The case of David Roberts Art Foundation Limited v Riedweg saw the High Court decide that a contract for the sale of property by a charity remains valid even though the strict requirements of the Charities Act 2011 (the Act) on property disposals had only been partly complied with.

The David Roberts Art Foundation Limited, a charitable company, agreed to sell a property in Camden to Ms Riedweg for £8.01 million. To comply with the Act, the Foundation instructed surveyors to prepare a report on the sale which valued the property at £7.5 million. The report contained some inaccuracies and did not deal with the marketing of the property, even though a surveyor is obliged to report in detail on how to advertise a charity property sale.

The parties entered into a contract for sale at £8.01 million and Ms Riedweg paid a deposit of £410,000. The sale contract did not contain the correct wording for the necessary statement and certificate of disposal wording which is specified in the Act. It did, however, attach a draft transfer of the property which contained an attempt at some of the required wording.

The Foundation directors approved the contract which was exchanged the same day. It is not clear from the facts whether the charity trustees actually looked at the surveyor’s report in order to confirm that the terms of the sale were the best that could be reasonably obtained, and this may have been another error.

Ms Riedweg failed to complete the property purchase, and the Foundation served on her both a notice to complete and notice to rescind the contract. The property was owned by the Foundation for another year and later sold to a third party for £5.5 million.

The Foundation issued a claim against Ms Riedweg and sought declarations that the contract had been rescinded, that the deposit could be kept by the Foundation and a judgment for payment of the balance of the outstanding deposit due under the contract (plus damages). Ms Riedweg claimed the contract was invalid, void and unenforceable because of the mistakes and omissions made which meant it was not compliant with the Act.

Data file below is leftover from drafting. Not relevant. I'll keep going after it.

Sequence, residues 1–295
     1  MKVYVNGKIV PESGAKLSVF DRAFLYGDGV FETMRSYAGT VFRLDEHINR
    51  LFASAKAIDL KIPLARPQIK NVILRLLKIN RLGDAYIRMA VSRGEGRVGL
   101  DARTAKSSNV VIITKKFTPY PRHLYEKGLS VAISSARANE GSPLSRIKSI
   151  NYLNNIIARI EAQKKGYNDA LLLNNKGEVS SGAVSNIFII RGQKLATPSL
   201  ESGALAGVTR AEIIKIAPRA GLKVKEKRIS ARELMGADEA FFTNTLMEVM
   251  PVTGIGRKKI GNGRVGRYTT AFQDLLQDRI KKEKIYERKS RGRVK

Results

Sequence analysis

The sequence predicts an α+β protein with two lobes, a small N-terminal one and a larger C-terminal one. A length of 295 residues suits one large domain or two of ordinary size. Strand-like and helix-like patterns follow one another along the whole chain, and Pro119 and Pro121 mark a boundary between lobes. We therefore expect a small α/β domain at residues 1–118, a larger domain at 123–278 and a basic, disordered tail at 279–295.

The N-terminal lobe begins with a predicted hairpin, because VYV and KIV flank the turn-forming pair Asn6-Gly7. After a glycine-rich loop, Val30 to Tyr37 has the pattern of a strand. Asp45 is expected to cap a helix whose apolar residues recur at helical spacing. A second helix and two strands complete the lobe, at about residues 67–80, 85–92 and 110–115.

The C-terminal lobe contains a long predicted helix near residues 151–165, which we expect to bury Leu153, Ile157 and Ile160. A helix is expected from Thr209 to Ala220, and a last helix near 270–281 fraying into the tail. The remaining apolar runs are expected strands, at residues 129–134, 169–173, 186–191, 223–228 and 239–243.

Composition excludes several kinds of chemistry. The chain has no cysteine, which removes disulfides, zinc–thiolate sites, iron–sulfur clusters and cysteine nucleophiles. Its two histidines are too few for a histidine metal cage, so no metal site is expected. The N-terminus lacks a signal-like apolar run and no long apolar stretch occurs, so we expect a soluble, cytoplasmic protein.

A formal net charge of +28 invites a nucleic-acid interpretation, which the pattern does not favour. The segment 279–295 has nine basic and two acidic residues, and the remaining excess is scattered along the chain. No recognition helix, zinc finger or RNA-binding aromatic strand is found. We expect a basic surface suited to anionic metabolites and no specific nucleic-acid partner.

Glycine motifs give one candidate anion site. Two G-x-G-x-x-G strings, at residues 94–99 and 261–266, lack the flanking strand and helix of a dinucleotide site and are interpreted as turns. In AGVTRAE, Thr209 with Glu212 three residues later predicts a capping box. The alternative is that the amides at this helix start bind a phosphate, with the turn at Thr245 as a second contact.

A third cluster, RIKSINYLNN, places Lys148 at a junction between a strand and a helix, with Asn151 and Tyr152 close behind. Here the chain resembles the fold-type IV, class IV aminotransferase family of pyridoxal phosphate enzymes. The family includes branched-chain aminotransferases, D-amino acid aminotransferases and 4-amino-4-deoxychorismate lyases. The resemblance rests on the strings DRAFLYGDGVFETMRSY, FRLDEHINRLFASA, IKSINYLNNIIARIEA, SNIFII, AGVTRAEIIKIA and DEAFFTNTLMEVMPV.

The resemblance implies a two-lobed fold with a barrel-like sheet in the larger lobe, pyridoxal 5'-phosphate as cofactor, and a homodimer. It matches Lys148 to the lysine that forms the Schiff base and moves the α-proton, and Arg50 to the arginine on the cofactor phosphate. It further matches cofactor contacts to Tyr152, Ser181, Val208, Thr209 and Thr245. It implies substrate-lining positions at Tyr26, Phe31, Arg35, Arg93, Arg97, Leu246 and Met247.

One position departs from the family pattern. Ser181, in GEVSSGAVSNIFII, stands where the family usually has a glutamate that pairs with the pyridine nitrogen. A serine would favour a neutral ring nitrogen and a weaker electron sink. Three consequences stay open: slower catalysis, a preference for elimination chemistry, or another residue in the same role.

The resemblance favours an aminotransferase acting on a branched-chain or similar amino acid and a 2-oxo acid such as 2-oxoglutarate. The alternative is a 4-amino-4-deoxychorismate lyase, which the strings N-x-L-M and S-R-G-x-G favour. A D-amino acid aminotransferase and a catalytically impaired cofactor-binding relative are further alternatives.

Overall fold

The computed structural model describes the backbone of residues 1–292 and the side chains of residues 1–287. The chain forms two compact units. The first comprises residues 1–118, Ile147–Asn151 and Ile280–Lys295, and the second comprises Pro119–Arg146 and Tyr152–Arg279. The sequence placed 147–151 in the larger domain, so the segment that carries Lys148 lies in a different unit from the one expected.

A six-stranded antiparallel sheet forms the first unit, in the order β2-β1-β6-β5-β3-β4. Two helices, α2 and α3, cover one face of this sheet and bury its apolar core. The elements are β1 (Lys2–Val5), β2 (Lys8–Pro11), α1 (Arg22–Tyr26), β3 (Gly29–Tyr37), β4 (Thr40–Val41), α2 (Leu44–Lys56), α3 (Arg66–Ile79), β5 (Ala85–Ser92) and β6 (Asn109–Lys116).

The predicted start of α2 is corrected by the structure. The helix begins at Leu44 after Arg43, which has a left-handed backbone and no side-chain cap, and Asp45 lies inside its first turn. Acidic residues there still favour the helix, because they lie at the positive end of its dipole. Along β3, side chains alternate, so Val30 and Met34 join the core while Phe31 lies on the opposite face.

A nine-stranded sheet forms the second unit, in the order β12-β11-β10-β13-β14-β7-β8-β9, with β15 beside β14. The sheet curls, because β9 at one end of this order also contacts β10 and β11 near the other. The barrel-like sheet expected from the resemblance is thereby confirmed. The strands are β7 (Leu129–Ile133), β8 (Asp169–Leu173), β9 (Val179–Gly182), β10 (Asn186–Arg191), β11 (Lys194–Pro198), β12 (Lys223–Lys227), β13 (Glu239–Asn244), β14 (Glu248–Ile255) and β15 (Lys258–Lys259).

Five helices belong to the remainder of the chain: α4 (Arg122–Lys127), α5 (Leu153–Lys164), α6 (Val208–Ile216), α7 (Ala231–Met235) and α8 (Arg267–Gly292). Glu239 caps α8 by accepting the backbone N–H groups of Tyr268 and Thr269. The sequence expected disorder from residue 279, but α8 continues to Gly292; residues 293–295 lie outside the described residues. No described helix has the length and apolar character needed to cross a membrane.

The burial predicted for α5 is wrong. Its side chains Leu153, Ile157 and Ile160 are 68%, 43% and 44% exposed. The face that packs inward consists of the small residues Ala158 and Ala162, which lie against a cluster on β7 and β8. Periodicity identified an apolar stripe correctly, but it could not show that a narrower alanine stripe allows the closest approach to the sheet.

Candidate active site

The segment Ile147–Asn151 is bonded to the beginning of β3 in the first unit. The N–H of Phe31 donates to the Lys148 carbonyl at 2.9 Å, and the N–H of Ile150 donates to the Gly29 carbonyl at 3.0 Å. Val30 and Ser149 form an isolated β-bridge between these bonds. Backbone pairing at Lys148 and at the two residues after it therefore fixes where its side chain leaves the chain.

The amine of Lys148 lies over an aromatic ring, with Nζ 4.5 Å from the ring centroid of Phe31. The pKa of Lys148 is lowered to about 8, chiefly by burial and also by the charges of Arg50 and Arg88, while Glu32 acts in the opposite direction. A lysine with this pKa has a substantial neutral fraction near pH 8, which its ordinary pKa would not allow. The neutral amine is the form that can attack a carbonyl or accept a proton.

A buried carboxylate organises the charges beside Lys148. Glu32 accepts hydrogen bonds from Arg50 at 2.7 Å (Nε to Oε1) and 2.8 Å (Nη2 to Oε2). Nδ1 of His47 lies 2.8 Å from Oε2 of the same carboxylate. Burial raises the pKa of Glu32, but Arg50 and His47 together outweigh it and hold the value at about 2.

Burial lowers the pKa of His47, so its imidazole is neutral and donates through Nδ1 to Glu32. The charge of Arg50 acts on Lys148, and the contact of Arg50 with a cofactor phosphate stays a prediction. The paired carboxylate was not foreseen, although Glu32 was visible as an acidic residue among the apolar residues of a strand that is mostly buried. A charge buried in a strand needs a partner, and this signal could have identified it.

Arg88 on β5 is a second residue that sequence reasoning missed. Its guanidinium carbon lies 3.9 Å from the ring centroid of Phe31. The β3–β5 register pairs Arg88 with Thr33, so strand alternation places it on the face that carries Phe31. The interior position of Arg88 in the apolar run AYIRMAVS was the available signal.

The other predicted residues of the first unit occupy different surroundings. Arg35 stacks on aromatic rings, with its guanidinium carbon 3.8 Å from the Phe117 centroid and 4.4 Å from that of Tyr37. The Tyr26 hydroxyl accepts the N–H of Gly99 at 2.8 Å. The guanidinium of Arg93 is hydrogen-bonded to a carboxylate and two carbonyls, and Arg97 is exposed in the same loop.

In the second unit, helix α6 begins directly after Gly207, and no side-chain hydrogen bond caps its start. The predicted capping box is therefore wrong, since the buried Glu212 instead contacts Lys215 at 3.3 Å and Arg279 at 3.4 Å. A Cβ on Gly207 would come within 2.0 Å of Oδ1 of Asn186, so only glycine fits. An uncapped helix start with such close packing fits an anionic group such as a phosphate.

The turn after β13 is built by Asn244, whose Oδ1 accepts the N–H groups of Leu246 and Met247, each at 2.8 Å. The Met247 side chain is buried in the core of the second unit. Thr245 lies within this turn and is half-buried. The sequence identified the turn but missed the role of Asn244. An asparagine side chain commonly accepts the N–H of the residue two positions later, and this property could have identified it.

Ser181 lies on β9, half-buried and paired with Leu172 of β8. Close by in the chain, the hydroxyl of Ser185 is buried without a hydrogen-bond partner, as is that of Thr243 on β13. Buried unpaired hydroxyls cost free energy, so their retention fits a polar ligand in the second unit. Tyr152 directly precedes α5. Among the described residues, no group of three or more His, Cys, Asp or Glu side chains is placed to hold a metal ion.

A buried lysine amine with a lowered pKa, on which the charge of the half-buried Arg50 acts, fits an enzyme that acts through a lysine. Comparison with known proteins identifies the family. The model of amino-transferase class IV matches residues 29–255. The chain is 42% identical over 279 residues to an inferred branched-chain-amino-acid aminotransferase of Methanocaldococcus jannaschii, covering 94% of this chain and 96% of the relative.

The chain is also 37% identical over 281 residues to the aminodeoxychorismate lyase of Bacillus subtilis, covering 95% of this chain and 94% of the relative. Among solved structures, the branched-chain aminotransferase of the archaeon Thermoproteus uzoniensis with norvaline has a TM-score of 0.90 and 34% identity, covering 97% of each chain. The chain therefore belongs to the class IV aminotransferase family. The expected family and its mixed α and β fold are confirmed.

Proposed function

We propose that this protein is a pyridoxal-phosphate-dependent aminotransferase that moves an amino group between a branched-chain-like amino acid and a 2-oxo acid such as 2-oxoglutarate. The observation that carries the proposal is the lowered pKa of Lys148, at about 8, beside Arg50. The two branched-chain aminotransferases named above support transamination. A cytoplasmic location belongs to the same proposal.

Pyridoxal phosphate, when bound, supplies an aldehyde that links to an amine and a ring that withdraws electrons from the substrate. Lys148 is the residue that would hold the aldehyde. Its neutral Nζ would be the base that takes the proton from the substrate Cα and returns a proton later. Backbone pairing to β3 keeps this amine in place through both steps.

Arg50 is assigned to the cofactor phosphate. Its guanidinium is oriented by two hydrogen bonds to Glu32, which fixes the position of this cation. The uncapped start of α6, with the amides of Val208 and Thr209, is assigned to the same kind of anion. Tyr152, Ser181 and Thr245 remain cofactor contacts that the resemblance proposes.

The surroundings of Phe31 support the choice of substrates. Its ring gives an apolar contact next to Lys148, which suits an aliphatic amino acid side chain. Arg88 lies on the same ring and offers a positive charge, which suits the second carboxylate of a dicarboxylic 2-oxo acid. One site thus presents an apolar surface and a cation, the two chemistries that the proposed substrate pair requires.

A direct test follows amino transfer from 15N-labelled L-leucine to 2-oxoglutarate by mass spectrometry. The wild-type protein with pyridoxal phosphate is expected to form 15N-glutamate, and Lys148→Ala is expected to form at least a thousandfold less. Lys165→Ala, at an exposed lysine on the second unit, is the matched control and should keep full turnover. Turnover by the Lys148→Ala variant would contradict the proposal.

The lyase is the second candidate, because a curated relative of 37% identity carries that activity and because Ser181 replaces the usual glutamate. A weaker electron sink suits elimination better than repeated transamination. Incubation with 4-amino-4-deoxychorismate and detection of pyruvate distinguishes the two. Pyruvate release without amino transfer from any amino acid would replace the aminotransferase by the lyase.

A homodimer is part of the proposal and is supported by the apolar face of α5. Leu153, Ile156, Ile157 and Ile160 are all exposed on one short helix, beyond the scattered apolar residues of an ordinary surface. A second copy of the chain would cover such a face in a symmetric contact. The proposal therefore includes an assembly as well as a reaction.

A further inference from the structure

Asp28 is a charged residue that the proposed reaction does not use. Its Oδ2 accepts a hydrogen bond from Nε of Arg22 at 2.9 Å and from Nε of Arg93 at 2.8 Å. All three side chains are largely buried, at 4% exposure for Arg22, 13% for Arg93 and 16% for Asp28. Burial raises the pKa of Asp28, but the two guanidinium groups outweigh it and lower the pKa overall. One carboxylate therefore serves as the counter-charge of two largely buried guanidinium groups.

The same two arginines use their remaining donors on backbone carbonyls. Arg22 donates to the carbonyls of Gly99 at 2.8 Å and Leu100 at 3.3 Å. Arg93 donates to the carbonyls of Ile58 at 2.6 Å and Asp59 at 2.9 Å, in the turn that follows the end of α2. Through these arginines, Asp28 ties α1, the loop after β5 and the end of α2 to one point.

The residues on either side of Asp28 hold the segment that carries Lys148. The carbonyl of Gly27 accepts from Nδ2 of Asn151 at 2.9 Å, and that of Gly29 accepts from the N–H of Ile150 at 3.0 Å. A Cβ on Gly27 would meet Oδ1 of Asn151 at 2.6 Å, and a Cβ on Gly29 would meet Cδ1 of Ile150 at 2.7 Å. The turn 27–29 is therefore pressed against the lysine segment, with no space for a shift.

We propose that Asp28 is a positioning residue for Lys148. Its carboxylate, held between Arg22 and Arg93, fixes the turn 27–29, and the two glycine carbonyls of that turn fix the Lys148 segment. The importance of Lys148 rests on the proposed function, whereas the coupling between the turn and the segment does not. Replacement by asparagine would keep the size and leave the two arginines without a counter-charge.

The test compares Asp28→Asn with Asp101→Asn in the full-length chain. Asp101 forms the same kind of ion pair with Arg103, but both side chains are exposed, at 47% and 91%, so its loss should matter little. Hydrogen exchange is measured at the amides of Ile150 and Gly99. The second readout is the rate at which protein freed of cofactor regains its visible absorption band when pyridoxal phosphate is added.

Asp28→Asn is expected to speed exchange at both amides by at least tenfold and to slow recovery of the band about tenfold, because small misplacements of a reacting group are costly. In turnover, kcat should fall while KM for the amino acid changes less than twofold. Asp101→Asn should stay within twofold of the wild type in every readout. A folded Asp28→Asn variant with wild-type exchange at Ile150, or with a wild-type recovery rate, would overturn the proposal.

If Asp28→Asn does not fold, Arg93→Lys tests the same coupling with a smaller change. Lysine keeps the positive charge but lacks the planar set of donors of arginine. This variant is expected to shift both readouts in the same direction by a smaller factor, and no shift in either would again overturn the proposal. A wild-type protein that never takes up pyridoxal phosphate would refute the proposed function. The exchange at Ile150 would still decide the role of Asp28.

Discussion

The relevant clauses in the transfer stated correctly that the seller was a non-exempt charity. However, it contained ambiguous wording about whether it was disposing of land to which sections 117 to 121 of the Act applied, and did not contain a statement under section 122(2) of the Act which was necessary. These were technical errors that the buyer was trying to rely on to get out of buying the property.

The High Court held that even though the sale contract did not contain all the wording required by the Act for a sale by a charity, the draft property transfer did contain some of the necessary statements and the transfer had been sufficiently integrated into the contract.

It held that the Act could not intend a sale contract to be void where there is failure to include the necessary statements, as this would be a ‘disproportionate’ result. Also, where the surveyor’s report failed to deal with the marketing of the property, if a charity could demonstrate that advertising would have made no difference then this would not actually invalidate the contract.

This case is useful precedent for charities to rely on when selling property if it finds that the Act has only been partially complied with, although it was very specific to the facts of the case where a buyer was attempting to get out of the contract.

It also sets down a precedent that shows where the advertising provisions have not been fully complied with in a surveyor’s report on sale of charity property, this may not invalidate the sale. This may be useful, for example, where a surveyor has struggled to justify a full marketing campaign.